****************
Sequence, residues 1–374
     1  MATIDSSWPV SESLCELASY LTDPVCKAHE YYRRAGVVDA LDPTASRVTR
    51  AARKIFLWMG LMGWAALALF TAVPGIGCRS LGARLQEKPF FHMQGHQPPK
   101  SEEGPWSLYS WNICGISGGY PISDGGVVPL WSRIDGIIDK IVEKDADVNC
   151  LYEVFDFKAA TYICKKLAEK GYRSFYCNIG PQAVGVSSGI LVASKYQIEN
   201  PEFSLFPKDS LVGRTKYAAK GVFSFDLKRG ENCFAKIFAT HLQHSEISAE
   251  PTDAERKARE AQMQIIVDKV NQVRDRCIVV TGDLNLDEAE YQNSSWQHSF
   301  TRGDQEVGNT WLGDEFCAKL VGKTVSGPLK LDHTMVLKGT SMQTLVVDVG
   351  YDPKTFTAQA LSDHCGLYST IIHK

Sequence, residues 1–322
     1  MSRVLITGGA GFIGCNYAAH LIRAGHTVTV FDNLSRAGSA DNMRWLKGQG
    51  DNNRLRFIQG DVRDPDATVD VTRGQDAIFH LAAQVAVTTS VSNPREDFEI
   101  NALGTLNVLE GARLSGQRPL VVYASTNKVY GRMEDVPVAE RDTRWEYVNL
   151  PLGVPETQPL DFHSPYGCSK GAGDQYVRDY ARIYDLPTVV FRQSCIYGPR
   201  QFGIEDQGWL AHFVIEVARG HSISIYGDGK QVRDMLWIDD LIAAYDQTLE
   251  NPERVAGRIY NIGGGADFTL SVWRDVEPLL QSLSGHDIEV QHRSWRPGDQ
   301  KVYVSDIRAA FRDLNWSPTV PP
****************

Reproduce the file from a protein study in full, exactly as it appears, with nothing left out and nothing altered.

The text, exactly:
Sequence, residues 1–374
     1  MATIDSSWPV SESLCELASY LTDPVCKAHE YYRRAGVVDA LDPTASRVTR
    51  AARKIFLWMG LMGWAALALF TAVPGIGCRS LGARLQEKPF FHMQGHQPPK
   101  SEEGPWSLYS WNICGISGGY PISDGGVVPL WSRIDGIIDK IVEKDADVNC
   151  LYEVFDFKAA TYICKKLAEK GYRSFYCNIG PQAVGVSSGI LVASKYQIEN
   201  PEFSLFPKDS LVGRTKYAAK GVFSFDLKRG ENCFAKIFAT HLQHSEISAE
   251  PTDAERKARE AQMQIIVDKV NQVRDRCIVV TGDLNLDEAE YQNSSWQHSF
   301  TRGDQEVGNT WLGDEFCAKL VGKTVSGPLK LDHTMVLKGT SMQTLVVDVG
   351  YDPKTFTAQA LSDHCGLYST IIHK

Sequence, residues 1–322
     1  MSRVLITGGA GFIGCNYAAH LIRAGHTVTV FDNLSRAGSA DNMRWLKGQG
    51  DNNRLRFIQG DVRDPDATVD VTRGQDAIFH LAAQVAVTTS VSNPREDFEI
   101  NALGTLNVLE GARLSGQRPL VVYASTNKVY GRMEDVPVAE RDTRWEYVNL
   151  PLGVPETQPL DFHSPYGCSK GAGDQYVRDY ARIYDLPTVV FRQSCIYGPR
   201  QFGIEDQGWL AHFVIEVARG HSISIYGDGK QVRDMLWIDD LIAAYDQTLE
   251  NPERVAGRIY NIGGGADFTL SVWRDVEPLL QSLSGHDIEV QHRSWRPGDQ
   301  KVYVSDIRAA FRDLNWSPTV PP